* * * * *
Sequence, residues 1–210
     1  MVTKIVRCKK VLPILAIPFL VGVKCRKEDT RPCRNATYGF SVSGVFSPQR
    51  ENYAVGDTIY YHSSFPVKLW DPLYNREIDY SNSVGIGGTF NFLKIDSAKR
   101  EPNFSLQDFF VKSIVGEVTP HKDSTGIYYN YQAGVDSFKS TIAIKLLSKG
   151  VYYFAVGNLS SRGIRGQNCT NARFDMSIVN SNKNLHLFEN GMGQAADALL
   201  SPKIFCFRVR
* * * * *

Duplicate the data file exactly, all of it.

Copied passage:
Sequence, residues 1–210
     1  MVTKIVRCKK VLPILAIPFL VGVKCRKEDT RPCRNATYGF SVSGVFSPQR
    51  ENYAVGDTIY YHSSFPVKLW DPLYNREIDY SNSVGIGGTF NFLKIDSAKR
   101  EPNFSLQDFF VKSIVGEVTP HKDSTGIYYN YQAGVDSFKS TIAIKLLSKG
   151  VYYFAVGNLS SRGIRGQNCT NARFDMSIVN SNKNLHLFEN GMGQAADALL
   201  SPKIFCFRVR